Contrary to initial suggestions by Teixeira and the government, this is virtually all public money, something that’s hardly a surprise for sports analysts who study the experience of previous World Cups.

Lance, Brazil’s leading sports newspaper, marked the thousand-day celebrations by reprinting an editorial from five years ago. Entitled ‘Teixeira is bluffing Brazil’, it warned against believing promises that World Cup stadiums would be privately financed: ‘Teixeira has told anyone who’ll listen that he only wants the government to invest in infrastructure, and that the new stadiums… will be built with private money,’ the paper wrote back in 2006 when Brazil was still a candidate to host the event. Once the country was formally chosen and the government committed to financial guarantees, Lance argued, it would become clear that ‘there will be no investors and the government will have to bankroll the stadiums.’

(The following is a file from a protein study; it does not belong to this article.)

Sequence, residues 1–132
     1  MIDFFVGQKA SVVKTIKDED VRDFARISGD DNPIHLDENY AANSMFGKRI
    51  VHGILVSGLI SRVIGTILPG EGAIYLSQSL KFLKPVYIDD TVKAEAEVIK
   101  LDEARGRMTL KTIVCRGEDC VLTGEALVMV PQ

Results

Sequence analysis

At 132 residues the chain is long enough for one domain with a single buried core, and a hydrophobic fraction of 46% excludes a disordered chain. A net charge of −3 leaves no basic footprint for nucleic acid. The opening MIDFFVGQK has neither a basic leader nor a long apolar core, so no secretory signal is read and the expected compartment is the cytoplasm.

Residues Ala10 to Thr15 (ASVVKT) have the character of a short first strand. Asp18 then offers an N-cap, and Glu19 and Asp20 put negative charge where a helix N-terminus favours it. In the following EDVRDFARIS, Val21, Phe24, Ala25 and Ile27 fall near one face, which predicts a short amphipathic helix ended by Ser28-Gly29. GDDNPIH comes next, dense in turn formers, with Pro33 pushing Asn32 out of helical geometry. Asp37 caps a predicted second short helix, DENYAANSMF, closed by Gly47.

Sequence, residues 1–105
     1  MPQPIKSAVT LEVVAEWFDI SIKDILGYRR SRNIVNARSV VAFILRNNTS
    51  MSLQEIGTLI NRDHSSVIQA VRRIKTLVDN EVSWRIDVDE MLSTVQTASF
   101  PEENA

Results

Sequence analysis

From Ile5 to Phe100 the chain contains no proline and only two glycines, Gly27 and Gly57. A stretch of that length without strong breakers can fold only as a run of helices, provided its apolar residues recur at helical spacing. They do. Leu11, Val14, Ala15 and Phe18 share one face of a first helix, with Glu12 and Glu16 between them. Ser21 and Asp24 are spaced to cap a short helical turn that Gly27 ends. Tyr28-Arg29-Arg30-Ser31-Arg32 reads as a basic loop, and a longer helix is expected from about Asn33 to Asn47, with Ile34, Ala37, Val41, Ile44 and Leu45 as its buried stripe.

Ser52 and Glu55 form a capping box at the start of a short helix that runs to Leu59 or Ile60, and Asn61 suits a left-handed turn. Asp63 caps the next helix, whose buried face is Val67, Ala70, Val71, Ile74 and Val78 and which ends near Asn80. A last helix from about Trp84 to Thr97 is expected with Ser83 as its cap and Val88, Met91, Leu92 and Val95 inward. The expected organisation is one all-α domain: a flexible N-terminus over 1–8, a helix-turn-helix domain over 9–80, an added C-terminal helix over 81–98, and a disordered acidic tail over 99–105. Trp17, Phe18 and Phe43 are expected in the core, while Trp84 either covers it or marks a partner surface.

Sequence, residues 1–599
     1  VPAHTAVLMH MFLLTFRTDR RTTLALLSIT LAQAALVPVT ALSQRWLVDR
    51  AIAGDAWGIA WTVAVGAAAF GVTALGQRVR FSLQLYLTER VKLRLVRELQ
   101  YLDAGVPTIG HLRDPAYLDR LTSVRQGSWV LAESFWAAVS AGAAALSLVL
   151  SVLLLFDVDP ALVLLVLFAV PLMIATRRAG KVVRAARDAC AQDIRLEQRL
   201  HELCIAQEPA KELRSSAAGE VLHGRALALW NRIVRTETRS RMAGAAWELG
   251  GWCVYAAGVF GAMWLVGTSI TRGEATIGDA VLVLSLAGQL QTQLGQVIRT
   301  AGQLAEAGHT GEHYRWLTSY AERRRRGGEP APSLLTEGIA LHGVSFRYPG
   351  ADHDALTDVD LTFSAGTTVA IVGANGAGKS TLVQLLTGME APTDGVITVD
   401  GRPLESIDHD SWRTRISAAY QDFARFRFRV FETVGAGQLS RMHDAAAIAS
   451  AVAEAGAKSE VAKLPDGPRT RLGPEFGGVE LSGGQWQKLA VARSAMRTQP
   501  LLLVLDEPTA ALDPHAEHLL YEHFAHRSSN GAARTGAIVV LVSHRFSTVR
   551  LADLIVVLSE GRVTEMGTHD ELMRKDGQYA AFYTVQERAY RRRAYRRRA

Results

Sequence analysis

In October 2007, days before Brazil was officially chosen, Sports Minister Orlando Silva still argued that ‘football stadiums, arenas and competition venues – all this could be done with private investment.’

Fast forward two years, to June of 2009: ‘I have heard that state governments might be interested in building or renovating stadiums,’ Silva said. He remained emphatic that no federal money would be used, but accepted that the federally-run Brazilian Development Bank (BNDES) might lend for this purpose.